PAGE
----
Still, the documents Allen Kimble carried around the world and back give a more nuanced picture of Armstrong's development. He wasn't a fresh face when he arrived at the home in 1913. He'd been there before.
A report on the incident published in The Times-Democrat on Jan. 2, 1913, and widely recounted by biographers, said Armstrong was remanded to the home as "an old offender," perhaps a reference to the 1910 arrest.
Soon after he arrived at the home, he began learning to play the bugle and then the cornet, under the instruction of Davis, the home's band director.
He joined the Colored Waifs Home band and took part in its performances in parades, picnics and other events around the city. He was hooked, and after leaving the home he began picking up gigs.
"How soon after you took lessons from Mr. Davis did you start to play professionally, Louie?" Armstrong was asked by Steve Allen during a 1965 appearance with Davis on the television show "I've Got a Secret."
"Soon as I got out," he cracked.
That stay that began in 1913 is also reflected in the paperwork from the Colored Waifs Home. "Armstrong in" is handwritten on the daily census from January 1913. He was the lone inmate to enter the home Jan. 1, joining 70 other boys.
His name appears in the monthly census figures, too; he would stay, according to a note, until "sometime about June 1914."
The thinking, until now, is that The Times-Democrat's brief item was the first to mention Armstrong before he became famous. But the 1910 report on his "dangerous and suspicious" arrest precedes it by more than two years.
It has also been thought that after the story on his arrest for the New Year's Eve shooting, Armstrong would not be heard from again in the media until he became famous.
But that's not the case, either. On May 31, just over four months after Armstrong landed in the Colored Waifs Home for at least the second time, The Daily Picayune described the home's band on parade the day before, with Armstrong, then 11, as its charismatic leader.
"Little black imps, sixteen of them, yesterday in honor of Federal Decoration Day, each bearing a criminal record, equipped with every wrinkle that goes to make up a brass band, paraded the streets of New Orleans," the paper reported, later reiterating that the boys were criminals. Decoration Day is now known as Memorial Day.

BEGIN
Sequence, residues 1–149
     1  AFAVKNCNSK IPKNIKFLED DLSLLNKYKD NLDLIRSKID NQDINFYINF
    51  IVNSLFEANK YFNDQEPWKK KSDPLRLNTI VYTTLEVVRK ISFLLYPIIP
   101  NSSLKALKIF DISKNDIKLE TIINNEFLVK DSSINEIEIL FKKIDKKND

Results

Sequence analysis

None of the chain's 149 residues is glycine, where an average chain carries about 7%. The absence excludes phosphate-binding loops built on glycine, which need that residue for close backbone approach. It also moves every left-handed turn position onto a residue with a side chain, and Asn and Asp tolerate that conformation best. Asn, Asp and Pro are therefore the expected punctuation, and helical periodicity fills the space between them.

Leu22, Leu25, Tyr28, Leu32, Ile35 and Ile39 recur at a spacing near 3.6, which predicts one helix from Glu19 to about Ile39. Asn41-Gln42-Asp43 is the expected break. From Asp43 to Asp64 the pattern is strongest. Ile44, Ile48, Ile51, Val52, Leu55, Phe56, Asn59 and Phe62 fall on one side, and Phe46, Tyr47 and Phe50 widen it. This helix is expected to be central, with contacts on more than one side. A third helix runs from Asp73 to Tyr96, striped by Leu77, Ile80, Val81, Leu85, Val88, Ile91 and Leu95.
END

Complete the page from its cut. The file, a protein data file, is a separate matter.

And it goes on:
"Marching proudly through the streets with drum and fife, they rendered several selections, patriotic mostly, and were loudly encored from the sidewalks."
Extraordinarily, the story goes on to name each of the musicians, mentioning not only Armstrong but also early jazz figure Henry "Kid" Rena.
"Those who made up the band were: Louis Armstrong, leader; Sam Johnson, solo cornet; Henry Rene (sic), second cornet; Louis Rock, solo alto; Isaac Ingram, first alto; Robert Oliver, flute; Louis Smith, clarinete (sic); Gus Vanzan, bass baritone; Richard Williams, bass trombone; Jeffery Harris, bass; Eddie Frazier, bass; Joseph Johnson, cymbal; James Brown, snare drum; Isaac Smoot, bass drum; Louis Stey, drum boy; Richard Cook, flag boy."
It's not clear from the 1913 newspaper story whether Armstrong was playing the horn yet, according to Bruce Raeburn, curator of the Hogan Jazz Archive at Tulane University.
"He could be the mascot or the equivalent of a grand marshal, meaning that he was essentially 'fronting' the band, not so much as a musical leader but as a source of charismatic energy for the musicians and crowd to feed on," he said.
Raeburn noted that something critical happened between the time Armstrong was detained at the home in 1910 and his return there in 1913: Davis arrived and started the band program.
"The first time Armstrong was in there, there was no band to get involved with," he said. "It's almost like he got a second chance."
At the age of 11, Armstrong found his calling.